But in this world, Loughner seemed ticked off by what he believed to be a pervasive authoritarianism. “The government is implying mind control and brainwash on the people by controlling grammar,” he wrote in one YouTube video. In another, Loughner complains that when he tried to join the military, he was handed a “mini-Bible.” That upset him: “I didn’t write a belief on my Army application and the recruiter wrote on the application: None,” he wrote on YouTube. In messages on MySpace last month, Loughner declared, “I’ll see you on National T.v.! This is foreshadow.” He also noted on the website, “I don’t feel good: I’m ready to kill a police officer! I can say it…”

Since hearing of the rampage, Tierney has been trying to figure out why Loughner did what he allegedly did. “More chaos, maybe,” he says. “I think the reason he did it was mainly to just promote chaos. He wanted the media to freak out about this whole thing. He wanted exactly what’s happening. He wants all of that.” Tierney thinks that Loughner’s mindset was like the Joker in the most recent Batman movie: “He fucks things up to fuck shit up, there’s no rhyme or reason, he wants to watch the world burn. He probably wanted to take everyone out of their monotonous lives: ‘Another Saturday, going to go get groceries’—to take people out of these norms that he thought society had trapped us in.”

It wasn’t Vitriol, it was Insanity

Well, he doesn’t sound like a Tea Party guy.  Or a fan of Rush Limbaugh, Glenn Beck, Sean Hannity, Sarah Palin, Michelle Bachman or FOX News.  He doesn’t sound like a religious guy.  He may have been anti-Semitic.  He felt superior to those around him.  He liked to dream and spend a lot of time in his imagination.  He may have liked the movie The Matrix.  Maybe even thought he was in a ‘Matrix‘ fantasyland.  He did drugs and drank at one time.  When he went sober, though, he seemed to go deeper into his imagination.  He was pretty certain that the government was controlling people with an insidious form of grammar.  And he wasn’t a fan of authority figures and thought killing a cop would cheer him up.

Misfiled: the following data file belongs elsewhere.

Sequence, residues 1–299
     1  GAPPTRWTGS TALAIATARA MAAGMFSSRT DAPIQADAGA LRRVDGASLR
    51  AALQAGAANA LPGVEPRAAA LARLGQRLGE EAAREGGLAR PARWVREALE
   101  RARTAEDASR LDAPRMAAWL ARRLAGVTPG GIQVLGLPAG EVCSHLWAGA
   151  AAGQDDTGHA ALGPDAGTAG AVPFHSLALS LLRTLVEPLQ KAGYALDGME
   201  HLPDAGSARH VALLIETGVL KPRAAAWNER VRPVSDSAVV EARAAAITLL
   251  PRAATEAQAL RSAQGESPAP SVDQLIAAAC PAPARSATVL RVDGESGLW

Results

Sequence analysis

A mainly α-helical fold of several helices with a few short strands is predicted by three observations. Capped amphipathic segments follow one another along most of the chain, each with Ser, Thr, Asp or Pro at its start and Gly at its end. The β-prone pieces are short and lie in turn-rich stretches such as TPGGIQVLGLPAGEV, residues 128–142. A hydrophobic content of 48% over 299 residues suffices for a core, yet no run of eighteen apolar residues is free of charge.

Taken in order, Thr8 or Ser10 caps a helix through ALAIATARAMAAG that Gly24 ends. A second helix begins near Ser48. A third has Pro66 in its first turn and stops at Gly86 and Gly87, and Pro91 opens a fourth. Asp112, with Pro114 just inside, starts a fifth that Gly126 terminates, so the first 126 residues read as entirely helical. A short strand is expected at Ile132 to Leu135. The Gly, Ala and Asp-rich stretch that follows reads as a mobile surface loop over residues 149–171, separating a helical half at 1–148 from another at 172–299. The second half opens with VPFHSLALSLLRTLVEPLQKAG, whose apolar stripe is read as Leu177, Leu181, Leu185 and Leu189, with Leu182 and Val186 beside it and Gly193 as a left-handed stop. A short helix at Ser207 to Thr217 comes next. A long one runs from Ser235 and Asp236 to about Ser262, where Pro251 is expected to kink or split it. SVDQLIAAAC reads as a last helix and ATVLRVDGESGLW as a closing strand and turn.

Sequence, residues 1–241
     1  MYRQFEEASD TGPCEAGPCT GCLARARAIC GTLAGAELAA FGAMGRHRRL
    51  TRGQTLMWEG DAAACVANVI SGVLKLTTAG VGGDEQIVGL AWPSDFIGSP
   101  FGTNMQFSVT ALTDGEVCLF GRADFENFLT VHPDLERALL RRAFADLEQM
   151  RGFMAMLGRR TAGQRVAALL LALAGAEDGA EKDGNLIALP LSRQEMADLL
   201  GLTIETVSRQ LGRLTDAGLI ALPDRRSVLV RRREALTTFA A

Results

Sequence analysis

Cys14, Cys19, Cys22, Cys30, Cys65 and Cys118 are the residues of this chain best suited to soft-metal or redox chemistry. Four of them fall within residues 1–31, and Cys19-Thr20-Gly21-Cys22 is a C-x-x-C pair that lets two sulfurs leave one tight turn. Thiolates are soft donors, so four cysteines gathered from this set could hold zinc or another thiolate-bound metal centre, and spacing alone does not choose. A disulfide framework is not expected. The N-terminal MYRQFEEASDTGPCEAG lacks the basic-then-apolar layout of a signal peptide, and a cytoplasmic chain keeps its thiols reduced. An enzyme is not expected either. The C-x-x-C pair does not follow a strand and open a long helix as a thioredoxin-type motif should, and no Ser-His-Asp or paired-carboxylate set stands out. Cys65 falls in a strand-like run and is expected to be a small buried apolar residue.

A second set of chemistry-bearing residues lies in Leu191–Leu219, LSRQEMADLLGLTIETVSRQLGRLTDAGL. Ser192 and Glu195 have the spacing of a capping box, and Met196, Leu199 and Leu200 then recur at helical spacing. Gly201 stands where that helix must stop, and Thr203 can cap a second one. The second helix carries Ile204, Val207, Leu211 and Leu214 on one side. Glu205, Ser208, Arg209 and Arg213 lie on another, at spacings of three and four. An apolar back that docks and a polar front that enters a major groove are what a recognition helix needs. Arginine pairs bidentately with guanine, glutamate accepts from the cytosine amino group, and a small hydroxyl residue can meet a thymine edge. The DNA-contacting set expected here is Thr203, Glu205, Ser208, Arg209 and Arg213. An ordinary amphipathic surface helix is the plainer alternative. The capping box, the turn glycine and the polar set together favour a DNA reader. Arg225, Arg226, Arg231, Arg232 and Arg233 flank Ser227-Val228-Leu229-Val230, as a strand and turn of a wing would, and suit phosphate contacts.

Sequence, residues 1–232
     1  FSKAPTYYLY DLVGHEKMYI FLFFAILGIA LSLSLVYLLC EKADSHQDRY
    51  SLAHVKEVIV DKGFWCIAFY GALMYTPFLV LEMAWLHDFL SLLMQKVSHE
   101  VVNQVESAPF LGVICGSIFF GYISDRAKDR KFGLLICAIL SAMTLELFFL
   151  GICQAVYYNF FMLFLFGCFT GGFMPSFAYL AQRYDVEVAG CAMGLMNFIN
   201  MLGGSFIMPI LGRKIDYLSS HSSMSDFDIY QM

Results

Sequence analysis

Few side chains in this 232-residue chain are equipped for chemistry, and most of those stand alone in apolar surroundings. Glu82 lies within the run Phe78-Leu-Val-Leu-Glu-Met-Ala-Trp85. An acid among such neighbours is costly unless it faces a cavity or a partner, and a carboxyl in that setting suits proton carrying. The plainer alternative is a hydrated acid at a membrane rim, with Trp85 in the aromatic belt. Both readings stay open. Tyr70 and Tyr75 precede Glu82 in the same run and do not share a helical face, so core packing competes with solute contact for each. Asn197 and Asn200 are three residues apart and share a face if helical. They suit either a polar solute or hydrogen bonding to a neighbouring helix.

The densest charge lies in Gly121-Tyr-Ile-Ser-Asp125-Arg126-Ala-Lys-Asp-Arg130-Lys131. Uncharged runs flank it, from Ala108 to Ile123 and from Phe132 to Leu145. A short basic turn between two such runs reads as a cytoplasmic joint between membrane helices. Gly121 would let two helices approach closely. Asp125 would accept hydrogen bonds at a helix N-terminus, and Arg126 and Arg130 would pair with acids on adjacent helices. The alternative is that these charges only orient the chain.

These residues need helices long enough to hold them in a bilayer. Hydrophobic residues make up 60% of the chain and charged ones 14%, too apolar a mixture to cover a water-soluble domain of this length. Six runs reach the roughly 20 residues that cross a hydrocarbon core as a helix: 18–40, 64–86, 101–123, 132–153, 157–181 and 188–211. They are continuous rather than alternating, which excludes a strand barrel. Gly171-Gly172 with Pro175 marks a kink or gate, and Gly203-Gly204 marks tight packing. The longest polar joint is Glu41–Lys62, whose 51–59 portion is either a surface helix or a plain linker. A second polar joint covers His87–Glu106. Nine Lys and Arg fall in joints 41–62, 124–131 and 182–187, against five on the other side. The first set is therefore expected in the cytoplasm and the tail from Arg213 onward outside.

I don’t know, maybe it’s me, but I wouldn’t call this guy a conservative.  And I don’t think there was any vitriol egging him on.  I doubt any vitriol could compete with what was going on in his imagination.  This guy had serious mental issues.  He was unstable.  And dangerous.  And the only reason why he shot Representative Giffords is because she had the misfortune of being his representative.

So Representative Clyburn, and the far left, are wrong.  No one on the right is responsible for this tragedy in Arizona.  The shooter was just a nutcase.  Little solace for the victims’ families.  But it does say that we don’t need a Fairness Doctrine.  For it would NOT have altered what happened in Tucson, Arizona, this past Saturday.

www.PITHOCRATES.com

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LESSONS LEARNED #18: “Man-given rights are only privileges allowed by the privileged elite.” -Old Pithy

Posted by PITHOCRATES - June 17th, 2010

GOD WAS HERE before the Marine Corps. So you can give your heart to Jesus, but your ass belongs to The Corps.

(From the movie Full Metal Jacket, 1987.)

In Roman Catholicism, this is the doctrine of the two swords.  The spiritual sword is the Church.  The temporal sword is the state.  Martin Luther had the doctrine of two kingdoms.  The religious and civil.  Going back to the source, Jesus Christ put it this way:

Render unto Caesar the things which are Caesar’s, and unto God the things that are God’s 

The original separation of church and state.  Of course, back then, this was all intended to limit the state’s interference into spiritual matters.  Today it’s reversed.  It’s the state that is trying to hold the spiritual sword at bay.

THE FOUNDING FATHERS were gentlemen of the Enlightenment.  This makes them complex.  The Enlightenment was the Age of Reason.  And guess what we did during the Age of Reason?  We thought.  Rationally.  There was a philosophical revolution going on in Europe.  Simply put, things weren’t what they were because the Church said so.  There were other explanations.  Other laws.  And the Church could be wrong.

So, if the Founding Fathers had lived in the 20th century, they would have probably been fans of the rock group Rush.  And Ayn Rand.  Who influenced Rush.  Thomas Jefferson probably would have an iPod filled with their songs, including Tom Sawyer:

No his mind is not for rent
To any god or government

They questioned ALL authority.  And some may have been Deists.  But they were not atheists.  Even Jefferson.  He may not have believed in the Trinity or Christ’s divinity, but he still believed in God.  And he worshipped Jesus in his own way.  As the world’s greatest philosopher, with his Sermon on the Mount being the best philosophy man could ask for.